Chapter 22 - Short And Sweet
In the hall she found Steve and Kitty, for he had hidden his little sweetheart behind the big couch, feeling that she had a right there, having supported his spirits during the late anxiety with great constancy and courage. They seemed so cozy, billing and cooing in the shadow of the gay vase, that Rose would have slipped silently away if they had not seen and called to her. "He's not gone I guess you'll find him in the parlor," said Steve, divining with a lover's instinct the meaning of the quick look she had cast at the hat rack as she shut the study door behind her.
"Mercy, no! Archie and Phebe are there, so he'd have the sense to pop into the sanctum and wait, unless you'd like me to go and bring him out?" added Kitty, smoothing Rose's ruffled hair and settling the flowers on the bosom where Uncle Alec's head had lain until he fell asleep.
"No, thank you, I'll go to him when I've seen my Phebe. She won't mind me," answered Rose, moving on to the parlor.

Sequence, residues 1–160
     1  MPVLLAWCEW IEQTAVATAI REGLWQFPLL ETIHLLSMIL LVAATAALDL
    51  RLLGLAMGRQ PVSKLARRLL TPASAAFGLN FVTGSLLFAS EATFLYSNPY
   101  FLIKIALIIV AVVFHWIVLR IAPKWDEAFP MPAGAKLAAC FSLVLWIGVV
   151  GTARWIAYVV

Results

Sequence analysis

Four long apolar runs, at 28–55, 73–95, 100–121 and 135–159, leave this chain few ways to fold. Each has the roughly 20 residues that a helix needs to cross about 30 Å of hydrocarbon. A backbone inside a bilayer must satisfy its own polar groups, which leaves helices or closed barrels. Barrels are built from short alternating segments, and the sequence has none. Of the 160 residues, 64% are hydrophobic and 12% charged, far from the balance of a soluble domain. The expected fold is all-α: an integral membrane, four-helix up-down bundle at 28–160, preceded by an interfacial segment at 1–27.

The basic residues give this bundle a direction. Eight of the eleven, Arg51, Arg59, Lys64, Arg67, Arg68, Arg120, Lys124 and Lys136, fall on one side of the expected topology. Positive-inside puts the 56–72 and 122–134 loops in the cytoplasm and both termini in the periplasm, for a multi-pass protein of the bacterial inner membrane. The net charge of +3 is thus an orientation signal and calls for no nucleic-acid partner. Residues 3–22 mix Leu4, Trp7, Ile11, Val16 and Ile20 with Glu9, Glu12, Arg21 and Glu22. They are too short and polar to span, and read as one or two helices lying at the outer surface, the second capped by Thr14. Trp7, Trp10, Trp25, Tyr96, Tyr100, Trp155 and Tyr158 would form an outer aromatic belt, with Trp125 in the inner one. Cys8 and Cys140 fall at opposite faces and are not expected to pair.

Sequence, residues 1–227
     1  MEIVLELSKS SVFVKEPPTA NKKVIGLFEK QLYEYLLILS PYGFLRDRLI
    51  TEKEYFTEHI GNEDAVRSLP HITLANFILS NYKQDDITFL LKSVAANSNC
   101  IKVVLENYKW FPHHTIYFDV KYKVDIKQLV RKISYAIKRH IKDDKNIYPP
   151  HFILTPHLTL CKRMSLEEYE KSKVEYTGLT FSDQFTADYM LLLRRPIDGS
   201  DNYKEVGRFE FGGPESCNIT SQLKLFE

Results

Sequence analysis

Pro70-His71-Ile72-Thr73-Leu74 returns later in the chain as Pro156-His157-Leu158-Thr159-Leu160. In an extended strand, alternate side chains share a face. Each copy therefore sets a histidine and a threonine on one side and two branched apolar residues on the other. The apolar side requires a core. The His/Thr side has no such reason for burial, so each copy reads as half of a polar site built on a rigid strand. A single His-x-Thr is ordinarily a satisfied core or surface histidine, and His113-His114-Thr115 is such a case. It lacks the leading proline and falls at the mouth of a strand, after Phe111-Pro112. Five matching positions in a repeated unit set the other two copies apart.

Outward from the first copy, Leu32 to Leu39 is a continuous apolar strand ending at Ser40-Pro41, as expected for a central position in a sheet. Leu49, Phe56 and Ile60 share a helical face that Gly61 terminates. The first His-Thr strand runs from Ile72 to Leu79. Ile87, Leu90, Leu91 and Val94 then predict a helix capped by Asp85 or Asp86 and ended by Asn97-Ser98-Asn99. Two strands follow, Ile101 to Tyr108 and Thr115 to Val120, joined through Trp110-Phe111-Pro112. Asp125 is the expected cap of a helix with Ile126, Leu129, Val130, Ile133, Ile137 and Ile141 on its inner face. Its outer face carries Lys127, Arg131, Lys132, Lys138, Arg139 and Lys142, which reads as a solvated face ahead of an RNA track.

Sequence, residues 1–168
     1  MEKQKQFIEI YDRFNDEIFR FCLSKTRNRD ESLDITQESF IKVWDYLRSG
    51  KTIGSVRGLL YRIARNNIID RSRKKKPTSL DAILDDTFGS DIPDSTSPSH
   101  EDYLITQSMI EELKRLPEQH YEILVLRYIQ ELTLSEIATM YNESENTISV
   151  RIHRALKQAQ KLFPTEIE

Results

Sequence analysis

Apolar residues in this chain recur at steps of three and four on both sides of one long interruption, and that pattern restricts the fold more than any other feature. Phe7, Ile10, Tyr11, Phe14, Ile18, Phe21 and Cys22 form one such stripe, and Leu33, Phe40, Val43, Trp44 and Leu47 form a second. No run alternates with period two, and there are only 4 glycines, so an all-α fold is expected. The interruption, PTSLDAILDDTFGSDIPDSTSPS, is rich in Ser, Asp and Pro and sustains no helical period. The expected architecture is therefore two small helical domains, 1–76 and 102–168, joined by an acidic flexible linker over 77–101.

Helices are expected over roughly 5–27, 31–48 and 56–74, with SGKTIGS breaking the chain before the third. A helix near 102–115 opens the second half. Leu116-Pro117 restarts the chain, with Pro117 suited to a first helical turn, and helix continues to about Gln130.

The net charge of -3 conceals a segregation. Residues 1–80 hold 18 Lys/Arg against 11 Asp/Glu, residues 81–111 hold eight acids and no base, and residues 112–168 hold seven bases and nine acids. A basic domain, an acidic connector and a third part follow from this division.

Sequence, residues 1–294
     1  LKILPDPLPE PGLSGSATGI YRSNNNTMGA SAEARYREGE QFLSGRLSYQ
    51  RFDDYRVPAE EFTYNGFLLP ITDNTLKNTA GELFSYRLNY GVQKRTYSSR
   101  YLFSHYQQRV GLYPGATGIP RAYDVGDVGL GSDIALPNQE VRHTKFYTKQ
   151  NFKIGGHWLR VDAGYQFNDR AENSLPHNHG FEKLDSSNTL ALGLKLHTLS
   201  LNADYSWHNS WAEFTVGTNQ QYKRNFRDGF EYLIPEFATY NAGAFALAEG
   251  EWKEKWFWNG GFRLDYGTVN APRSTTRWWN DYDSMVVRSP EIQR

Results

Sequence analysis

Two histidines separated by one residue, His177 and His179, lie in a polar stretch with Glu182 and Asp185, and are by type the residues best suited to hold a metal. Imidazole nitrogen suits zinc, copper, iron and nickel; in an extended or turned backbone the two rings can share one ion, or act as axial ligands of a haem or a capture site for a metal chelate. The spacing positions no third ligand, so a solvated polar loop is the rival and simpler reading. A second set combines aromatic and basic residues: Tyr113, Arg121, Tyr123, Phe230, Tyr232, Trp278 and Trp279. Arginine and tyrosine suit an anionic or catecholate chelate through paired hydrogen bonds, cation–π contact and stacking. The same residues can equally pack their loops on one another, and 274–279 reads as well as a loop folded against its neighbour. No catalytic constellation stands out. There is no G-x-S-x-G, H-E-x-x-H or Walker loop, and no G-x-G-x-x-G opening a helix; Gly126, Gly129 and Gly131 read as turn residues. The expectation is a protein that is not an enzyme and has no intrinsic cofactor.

"Look here," called Steve, "do advise them to hurry up and all be married at once. We were just ready when Uncle fell ill, and now we cannot wait a day later than the first of May."
"Rather short notice," laughed Rose, looking back with the doorknob in her hand.
"We'll give up all our splendor, and do it as simply as you like, if you will only come too. Think how lovely! Three weddings at once! Do fly round and settle things there's a dear," implored Kitty, whose imagination was fired with this romantic idea.
"How can I, when I have no bridegroom yet?" began Rose, with conscious color in her telltale face.
"Sly creature! You know you've only got to say a word and have a famous one. Una and her lion will be nothing to it," cried Steve, bent on hastening his brother's affair, which was much too dilatory and peculiar for his taste.
"He has been in no haste to come home, and I am in no haste to leave it. Don't wait for me, 'Mr. and Mrs. Harry Walmers, Jr.,' I shall be a year at least making up my mind, so you may lead off as splendidly as you like and I'll profit by your experience." And Rose vanished into the parlor, leaving Steve to groan over the perversity of superior women and Kitty to comfort him by promising to marry him on May Day "all alone."